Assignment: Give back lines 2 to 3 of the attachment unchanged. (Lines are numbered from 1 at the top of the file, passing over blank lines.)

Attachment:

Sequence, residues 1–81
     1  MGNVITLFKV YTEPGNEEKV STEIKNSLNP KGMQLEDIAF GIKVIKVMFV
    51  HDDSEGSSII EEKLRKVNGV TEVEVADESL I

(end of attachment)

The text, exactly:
     1  MGNVITLFKV YTEPGNEEKV STEIKNSLNP KGMQLEDIAF GIKVIKVMFV
    51  HDDSEGSSII EEKLRKVNGV TEVEVADESL I